HC Deb 03 March 1921 vol 138 cc2015-7
Mr. A. T. DAVIES (by Private Notice)

asked the Prime Minister whether he can make a statement as to the position created by the rejection of the German counter-proposals at the recent discussions of the Supreme Council in Paris?


The Allied delegations were unanimously of opinion that Dr. Simons' proposals did not afford any basis for examination or discussion, and that they fell so far short of the German obligations under the Treaty as to constitute a mockery of its provisions.

They interpreted these proposals in the light of declarations made in Germany which were tantamount to an official repudiation by the German Government of their country's responsibility for the War.

They took into account the various respects in which Germany had already failed to execute the Treaty. They attributed these failures and the inadequate character of the German proposals for reparation either to a deliberate intention to evade or whittle away the Treaty or to the weakness of the German Government in the face of the public opinion in that country. Whatever the explanation may be, the Allies felt it was essential in the interests of permanent peace that they should take firm measures to convince Germany that whilst all fair consideration will be given to her difficulties, the Treaty must be respected.

We intimated that unless we hear by Monday that Germany is either prepared to accept the Paris decision or to submit proposals which will, in other ways which are equally satisfactory, discharge her obligations under the Treaty of Versailles (subject to the concessions made in the Paris proposals), we shall as from that date take the following course under the Treaty of Versailles.

The Allies are agreed:—

  1. (1) To occupy the towns of Duisburg, Ruhrort, and Düsseldorf, on the right bank of the Rhine.
  2. (2) To obtain powers from their respective Parliaments requiring their nationals to pay a certain proportion of all payments due to Germany on German goods to their several Governments, such proportion to be retained on account of reparations.
(That is in respect of goods purchased either in this country or in any other Allied country from Germany.)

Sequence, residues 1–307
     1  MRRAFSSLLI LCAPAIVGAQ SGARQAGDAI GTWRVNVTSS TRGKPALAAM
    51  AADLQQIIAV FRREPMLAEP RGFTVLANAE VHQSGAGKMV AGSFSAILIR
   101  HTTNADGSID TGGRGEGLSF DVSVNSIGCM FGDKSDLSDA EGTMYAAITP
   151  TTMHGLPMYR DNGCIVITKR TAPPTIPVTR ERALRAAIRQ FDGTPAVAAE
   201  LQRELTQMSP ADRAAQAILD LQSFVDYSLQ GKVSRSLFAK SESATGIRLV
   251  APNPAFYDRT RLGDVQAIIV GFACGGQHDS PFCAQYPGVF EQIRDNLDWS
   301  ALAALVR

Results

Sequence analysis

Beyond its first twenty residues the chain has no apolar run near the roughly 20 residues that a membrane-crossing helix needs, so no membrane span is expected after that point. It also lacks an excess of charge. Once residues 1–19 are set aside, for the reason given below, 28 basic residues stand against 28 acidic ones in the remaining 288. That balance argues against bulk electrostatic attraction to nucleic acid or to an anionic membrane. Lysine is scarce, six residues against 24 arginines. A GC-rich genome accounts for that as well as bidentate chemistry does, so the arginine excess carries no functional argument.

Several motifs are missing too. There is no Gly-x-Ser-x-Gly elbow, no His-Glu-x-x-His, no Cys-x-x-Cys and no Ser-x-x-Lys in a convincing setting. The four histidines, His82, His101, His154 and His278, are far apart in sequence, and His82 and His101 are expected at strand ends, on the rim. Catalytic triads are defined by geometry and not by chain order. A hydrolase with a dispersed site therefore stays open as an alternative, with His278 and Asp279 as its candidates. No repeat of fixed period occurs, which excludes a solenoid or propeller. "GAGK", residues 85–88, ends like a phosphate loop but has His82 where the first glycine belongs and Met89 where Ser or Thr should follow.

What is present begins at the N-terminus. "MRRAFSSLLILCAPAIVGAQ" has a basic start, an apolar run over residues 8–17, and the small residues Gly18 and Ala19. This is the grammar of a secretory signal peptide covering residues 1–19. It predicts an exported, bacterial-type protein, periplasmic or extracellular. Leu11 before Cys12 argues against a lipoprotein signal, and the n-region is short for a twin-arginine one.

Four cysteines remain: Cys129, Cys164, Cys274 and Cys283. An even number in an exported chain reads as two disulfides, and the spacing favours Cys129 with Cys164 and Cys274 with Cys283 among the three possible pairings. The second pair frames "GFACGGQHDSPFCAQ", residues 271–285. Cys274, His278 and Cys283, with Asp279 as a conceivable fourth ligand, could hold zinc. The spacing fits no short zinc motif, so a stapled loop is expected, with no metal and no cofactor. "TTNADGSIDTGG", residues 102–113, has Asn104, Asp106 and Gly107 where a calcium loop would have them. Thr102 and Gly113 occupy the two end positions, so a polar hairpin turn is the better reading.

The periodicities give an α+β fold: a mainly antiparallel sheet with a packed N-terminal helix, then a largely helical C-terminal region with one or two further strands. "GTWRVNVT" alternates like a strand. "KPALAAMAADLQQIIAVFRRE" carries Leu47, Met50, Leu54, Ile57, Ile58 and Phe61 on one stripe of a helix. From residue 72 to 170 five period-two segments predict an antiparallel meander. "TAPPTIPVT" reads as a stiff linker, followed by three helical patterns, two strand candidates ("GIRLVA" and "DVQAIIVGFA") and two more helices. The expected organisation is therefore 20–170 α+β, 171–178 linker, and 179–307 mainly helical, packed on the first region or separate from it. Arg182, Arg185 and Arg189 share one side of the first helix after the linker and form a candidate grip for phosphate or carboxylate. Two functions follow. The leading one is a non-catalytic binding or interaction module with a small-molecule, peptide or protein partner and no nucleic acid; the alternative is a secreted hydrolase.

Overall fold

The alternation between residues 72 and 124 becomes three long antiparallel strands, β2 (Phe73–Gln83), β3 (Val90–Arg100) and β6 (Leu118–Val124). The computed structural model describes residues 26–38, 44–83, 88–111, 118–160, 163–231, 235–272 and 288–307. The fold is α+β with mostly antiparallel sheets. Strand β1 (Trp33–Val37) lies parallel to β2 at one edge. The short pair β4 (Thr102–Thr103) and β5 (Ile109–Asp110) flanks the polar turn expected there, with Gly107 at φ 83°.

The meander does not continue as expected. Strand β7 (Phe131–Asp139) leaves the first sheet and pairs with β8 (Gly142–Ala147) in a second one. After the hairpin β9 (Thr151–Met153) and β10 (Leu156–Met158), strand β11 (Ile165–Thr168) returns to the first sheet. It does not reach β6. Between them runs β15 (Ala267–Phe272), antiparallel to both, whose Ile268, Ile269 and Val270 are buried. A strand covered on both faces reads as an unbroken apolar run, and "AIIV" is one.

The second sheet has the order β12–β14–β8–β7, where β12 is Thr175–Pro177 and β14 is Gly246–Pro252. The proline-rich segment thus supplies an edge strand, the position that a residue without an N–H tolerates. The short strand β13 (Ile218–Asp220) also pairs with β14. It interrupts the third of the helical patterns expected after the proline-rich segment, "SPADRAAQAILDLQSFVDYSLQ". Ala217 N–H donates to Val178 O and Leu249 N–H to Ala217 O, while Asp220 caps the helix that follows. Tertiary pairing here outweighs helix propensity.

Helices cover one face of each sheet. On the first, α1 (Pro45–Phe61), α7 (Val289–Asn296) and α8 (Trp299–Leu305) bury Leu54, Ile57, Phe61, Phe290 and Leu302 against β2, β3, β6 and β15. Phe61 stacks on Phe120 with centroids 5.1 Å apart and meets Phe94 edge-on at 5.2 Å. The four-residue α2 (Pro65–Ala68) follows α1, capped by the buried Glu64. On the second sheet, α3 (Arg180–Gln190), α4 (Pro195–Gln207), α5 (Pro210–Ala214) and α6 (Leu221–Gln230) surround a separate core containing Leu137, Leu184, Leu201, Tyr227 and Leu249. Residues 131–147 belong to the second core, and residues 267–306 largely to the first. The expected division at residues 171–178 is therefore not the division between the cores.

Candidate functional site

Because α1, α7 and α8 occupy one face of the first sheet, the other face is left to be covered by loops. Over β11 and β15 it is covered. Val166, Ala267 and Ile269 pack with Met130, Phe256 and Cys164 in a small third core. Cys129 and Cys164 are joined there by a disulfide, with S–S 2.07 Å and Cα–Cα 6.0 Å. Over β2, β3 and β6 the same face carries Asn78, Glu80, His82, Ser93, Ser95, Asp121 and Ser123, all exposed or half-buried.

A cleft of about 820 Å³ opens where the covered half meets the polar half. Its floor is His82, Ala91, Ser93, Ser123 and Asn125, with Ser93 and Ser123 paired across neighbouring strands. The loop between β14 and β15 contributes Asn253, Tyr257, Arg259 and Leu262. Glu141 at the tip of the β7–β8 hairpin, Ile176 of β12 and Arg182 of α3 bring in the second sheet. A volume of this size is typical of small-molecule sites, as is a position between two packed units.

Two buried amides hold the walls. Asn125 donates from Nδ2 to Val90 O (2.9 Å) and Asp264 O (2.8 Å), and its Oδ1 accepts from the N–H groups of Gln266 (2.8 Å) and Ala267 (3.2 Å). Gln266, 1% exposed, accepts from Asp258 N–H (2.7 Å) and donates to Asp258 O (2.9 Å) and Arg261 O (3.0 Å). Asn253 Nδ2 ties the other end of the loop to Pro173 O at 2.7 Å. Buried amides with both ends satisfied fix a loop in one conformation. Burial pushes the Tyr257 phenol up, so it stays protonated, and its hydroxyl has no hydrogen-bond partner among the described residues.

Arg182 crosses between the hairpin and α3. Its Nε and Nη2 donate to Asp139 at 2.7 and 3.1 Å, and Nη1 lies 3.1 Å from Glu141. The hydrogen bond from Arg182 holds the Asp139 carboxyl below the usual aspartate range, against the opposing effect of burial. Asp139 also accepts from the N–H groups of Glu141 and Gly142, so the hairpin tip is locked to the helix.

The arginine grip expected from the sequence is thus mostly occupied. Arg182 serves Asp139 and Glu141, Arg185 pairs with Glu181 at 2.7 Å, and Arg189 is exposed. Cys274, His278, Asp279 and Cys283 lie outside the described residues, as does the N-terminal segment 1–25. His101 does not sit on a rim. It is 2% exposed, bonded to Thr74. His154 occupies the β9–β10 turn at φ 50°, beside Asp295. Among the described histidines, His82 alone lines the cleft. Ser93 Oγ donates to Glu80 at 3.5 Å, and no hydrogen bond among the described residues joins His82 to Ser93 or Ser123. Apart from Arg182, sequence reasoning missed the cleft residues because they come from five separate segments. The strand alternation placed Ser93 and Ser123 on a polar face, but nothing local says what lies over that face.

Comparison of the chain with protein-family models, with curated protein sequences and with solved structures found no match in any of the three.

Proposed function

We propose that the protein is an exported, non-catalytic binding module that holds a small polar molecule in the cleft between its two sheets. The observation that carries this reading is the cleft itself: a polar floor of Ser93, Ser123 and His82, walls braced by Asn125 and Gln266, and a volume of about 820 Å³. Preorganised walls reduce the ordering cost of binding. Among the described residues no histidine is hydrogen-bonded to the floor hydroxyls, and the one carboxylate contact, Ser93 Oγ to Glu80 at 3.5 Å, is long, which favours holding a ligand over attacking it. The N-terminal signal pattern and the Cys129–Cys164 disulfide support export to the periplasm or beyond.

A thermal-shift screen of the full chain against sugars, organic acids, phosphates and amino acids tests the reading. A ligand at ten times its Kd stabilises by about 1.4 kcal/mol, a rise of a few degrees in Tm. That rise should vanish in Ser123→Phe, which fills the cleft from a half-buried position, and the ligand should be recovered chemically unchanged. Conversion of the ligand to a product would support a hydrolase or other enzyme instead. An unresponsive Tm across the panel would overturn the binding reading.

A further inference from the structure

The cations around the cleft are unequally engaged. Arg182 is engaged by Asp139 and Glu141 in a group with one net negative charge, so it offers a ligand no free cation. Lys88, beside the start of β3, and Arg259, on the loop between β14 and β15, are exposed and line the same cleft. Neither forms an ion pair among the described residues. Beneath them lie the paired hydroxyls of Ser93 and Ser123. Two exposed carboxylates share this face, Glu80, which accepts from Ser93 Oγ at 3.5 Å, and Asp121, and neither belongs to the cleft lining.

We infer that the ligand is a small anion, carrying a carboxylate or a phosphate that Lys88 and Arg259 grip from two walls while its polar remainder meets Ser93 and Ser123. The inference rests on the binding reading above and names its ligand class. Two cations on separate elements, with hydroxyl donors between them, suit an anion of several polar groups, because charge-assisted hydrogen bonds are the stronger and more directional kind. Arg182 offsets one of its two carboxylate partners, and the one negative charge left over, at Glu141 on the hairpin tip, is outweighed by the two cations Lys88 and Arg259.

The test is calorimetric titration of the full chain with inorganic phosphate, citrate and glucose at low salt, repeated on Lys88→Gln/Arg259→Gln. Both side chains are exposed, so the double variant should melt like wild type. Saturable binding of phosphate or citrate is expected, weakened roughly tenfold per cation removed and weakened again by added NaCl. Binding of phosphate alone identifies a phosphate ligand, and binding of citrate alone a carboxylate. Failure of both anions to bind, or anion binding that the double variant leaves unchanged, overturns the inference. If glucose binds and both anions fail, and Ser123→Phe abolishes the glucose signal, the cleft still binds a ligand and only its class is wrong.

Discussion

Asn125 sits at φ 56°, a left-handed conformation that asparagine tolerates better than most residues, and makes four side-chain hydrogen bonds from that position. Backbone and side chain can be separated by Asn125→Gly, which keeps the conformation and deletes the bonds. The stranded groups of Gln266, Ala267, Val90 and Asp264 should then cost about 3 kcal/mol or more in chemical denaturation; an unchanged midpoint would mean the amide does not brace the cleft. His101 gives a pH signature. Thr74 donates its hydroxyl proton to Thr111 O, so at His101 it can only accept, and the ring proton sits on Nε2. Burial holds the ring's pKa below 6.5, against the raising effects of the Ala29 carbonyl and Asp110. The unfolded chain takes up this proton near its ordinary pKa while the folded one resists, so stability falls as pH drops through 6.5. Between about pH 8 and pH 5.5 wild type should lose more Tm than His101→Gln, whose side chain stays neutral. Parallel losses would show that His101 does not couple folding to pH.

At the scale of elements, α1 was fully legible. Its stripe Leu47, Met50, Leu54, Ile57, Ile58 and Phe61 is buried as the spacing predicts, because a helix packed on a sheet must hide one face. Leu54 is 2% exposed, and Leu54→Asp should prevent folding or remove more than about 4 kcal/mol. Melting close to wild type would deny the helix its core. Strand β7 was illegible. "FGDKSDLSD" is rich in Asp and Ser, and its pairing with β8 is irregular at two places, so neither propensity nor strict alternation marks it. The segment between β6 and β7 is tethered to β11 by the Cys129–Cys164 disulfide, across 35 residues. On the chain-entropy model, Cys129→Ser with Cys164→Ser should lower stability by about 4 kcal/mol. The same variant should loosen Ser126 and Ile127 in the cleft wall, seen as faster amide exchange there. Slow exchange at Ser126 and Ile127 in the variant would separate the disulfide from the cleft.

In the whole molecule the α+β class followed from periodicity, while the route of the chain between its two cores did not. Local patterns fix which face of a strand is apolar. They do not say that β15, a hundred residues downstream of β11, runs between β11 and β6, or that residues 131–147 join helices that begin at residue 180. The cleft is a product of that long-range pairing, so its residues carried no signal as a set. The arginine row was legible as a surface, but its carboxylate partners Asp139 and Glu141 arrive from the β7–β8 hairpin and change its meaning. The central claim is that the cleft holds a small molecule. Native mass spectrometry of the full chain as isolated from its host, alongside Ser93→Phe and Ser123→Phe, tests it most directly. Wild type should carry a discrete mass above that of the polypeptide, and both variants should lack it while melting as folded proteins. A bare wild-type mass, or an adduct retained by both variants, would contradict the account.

1. (3) (a) The amount of the duties collected by the German Custom houses on the external frontiers of the occupied territories to be paid to the Reparations Commission.
  2. (b) These duties to continue to be levied in accordance with the German tariff.
  3. (c) A line of Custom houses to be temporarily established on the Rhine and at the boundary of the Têtes de Ponts occupied by the Allied troops; the tariff to be levied on this line, both on the entry and export of goods, to be determined by the Allied High Commission of the Rhine territory in conformity with the instructions of the Allied Governments.

Colonel C. LOWTHER

Is it not a fact that the recalcitrant attitude of the German delegates is largely due to the ex-Prime Minister having publicly stated at Penistone that Germany would not be able to pay more than £2,000,000,000 as the total amount of War indemnity?

Lieut. - Commander KENWORTHY

Has not the right hon. Gentleman himself said that Germany and the other Powers stumbled into the War—[The PRIME MINISTER indicated dissent]—and has he not in this House spoken of the great necessity of getting some payment out of Germany rather than nothing at all?


I have often stated that the demands made on Germany must be limited by her capacity to pay. The proposals of Dr. von Simons fall, in our judgment, far short, lamentably short, and I should say absurdly short of Germany's capacity to pay. She has not, as I have pointed out in the statement which will probably be in the Press to-morrow, taxed herself up to the limit of the taxation of France and Great Britain, and we cannot possibly allow the burdens of the victors to be heavier than those of the vanquished.